If you have a few moments, listen to at least the beginning of this rendition of Domenico Scarlatti’s keyboard sonata K466 as played on the harp:
I thoroughly enjoyed it and most of the comments on the video are positive, but one caught my eye and provoked this post. It advocated “correct interpretation, ie. no crescendo or diminuendo and correct ornamentation. Unlike this overwrought preciousness.” Another said, “Stop with the swooning and practice with a metronome; the tension and emotion comes from the pulse and it’s been destroyed here in favor of acting and posing.”
Those commenters believe that Baroque music should be played as a musician of that period would have played it, which was supposedly steadily and with restraint.
It seems that they want to get back to an authentic performance practice. That’s fine, but I will contend in this post that so-called authentic performance inevitably works at cross-purposes with what the composer was trying to achieve.
Baroque composers such as Scarlatti and Bach worked at the height of the Enlightenment, also known as the Age of Reason. One way this emphasis on rationality played out in musical composition was the notion of affektenlehre, or the Doctrine of Affects. As the Encylopaedia Britannica explains, this “was the belief that, by making use of the proper standard musical procedure or device, the composer could create a piece of music capable of producing a particular involuntary emotional response in his audience.” For example, a descending chromatic scale was supposed to elicit heartache (which, in fact, it often does).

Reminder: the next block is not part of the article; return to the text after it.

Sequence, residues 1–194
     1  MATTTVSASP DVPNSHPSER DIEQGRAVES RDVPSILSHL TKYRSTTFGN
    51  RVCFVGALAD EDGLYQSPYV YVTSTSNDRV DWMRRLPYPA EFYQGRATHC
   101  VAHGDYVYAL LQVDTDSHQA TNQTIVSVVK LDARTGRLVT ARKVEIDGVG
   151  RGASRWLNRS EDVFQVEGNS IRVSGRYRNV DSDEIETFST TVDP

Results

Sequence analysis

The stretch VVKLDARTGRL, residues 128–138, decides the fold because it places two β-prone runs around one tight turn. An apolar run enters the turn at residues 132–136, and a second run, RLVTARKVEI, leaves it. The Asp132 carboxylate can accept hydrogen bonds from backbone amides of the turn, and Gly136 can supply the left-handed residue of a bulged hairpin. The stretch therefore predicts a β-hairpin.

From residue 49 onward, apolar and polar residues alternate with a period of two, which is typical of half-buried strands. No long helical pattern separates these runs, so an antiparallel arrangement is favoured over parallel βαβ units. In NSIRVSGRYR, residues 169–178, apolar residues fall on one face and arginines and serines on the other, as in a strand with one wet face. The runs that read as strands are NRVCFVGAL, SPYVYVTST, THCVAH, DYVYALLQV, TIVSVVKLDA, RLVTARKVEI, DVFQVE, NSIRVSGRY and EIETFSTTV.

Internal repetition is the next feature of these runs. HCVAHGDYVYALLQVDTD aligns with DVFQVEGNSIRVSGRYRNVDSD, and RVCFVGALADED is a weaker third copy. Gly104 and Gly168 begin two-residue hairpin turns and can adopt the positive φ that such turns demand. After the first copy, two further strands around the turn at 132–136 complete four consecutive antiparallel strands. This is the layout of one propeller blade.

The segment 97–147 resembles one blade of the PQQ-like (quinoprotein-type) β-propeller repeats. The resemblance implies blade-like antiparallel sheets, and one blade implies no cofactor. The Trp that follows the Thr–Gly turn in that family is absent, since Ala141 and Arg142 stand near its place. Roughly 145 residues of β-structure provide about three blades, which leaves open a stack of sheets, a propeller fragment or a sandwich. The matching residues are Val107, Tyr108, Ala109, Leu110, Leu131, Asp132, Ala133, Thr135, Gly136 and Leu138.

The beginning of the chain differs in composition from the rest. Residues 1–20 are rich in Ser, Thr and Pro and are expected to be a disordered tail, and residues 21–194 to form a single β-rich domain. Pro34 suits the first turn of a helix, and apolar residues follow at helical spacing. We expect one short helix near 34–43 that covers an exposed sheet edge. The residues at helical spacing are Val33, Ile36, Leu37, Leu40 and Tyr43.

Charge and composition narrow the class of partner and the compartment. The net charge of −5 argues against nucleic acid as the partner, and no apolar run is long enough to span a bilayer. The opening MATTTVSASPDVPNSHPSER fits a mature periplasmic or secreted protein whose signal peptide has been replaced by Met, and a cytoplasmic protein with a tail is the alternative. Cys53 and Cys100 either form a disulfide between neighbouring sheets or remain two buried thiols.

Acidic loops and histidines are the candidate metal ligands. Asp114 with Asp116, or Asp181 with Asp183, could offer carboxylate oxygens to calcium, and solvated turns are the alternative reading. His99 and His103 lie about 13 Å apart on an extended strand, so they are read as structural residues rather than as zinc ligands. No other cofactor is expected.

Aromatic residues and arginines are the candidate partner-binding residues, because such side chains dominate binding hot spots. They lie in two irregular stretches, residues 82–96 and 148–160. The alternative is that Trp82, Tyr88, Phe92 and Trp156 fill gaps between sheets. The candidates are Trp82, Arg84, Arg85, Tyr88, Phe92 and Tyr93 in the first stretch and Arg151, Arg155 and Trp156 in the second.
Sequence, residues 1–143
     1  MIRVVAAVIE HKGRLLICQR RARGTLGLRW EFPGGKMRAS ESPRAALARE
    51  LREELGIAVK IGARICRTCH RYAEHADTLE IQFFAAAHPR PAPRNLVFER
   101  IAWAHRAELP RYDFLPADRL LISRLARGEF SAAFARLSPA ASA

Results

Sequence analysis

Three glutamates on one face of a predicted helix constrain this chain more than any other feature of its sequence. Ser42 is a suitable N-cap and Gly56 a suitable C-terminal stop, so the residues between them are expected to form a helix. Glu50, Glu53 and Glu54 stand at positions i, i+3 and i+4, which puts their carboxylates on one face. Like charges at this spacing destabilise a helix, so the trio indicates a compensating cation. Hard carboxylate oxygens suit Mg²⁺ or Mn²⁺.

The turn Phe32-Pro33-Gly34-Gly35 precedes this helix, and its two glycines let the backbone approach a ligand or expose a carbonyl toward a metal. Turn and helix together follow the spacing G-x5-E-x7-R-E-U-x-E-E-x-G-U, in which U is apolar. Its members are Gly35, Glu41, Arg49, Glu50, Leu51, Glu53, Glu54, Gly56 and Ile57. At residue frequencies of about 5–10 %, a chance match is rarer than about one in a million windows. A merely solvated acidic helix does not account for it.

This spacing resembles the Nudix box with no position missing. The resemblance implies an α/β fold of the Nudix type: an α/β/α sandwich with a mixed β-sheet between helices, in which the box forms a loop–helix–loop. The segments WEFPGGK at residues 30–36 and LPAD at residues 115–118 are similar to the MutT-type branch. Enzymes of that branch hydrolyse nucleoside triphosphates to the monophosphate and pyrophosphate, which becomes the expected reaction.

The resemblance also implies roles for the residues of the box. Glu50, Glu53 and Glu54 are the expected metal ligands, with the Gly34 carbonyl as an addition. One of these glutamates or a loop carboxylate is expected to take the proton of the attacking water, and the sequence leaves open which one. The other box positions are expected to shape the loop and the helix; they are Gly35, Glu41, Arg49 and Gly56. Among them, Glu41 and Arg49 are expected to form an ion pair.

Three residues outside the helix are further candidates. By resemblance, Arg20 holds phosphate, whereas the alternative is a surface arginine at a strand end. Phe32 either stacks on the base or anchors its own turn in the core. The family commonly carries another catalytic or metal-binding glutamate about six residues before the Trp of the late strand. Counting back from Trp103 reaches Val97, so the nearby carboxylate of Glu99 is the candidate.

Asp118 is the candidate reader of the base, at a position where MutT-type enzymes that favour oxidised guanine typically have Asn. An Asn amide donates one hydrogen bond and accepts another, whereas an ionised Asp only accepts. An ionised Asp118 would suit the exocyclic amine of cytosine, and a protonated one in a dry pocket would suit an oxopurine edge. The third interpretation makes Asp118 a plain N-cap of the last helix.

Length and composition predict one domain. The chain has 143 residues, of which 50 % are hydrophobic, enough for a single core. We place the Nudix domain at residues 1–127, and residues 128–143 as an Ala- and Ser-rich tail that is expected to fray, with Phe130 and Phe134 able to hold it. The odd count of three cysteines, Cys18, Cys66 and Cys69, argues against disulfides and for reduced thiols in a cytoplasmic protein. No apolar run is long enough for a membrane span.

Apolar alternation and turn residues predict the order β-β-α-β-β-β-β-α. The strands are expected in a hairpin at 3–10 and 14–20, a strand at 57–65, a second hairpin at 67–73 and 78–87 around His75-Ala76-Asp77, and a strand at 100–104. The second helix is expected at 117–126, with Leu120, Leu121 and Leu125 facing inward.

The details of affectenlehre are not important here. What is important is that Baroque composers were not playing abstract musical games. They strove to impart emotions in their audiences.
And now here’s the point: a performance practice that elicited a certain emotion in a Baroque audience will not have the same effect today.
This short clip from the movie Blast from the Past illustrates why. Adam has recently emerged at age 30 from a fallout shelter, where he has spent his whole life. His musical vocabulary extends only to the early 1960s. Eve is a modern woman. The music of Perry Como puts them in very different places emotionally.
In the same way, subtle change in volume that might have gotten folks excited in the Baroque will go unnoticed in an audience that has heard enough Beethoven. Now that we have heard Ravel and Debussy, a metronomic rendition of Bach will sound like an abstraction–exactly what Bach was trying to avoid.
I haven’t even mentioned the effects of non-musical influences. Hearing a Bach cantata as a devout Lutheran, in your native language, in a cathedral, dressed formally, will not be the same as listening to exactly the same performance but as an English-speaking agnostic at a concert hall dressed in jeans.
Our relationship with these composers is like any love relationship: you can never go back to the way things were when you first met because too much has happened. With luck, all that has happened can make your relationship richer, but never the same.
Some performers occupy a middle ground. They attempt to come across to their modern audiences as a Baroque performer would have come across to a Baroque audience. If you can put up with a lot of goofiness, this final video shows how modern performers have been wrestling with this.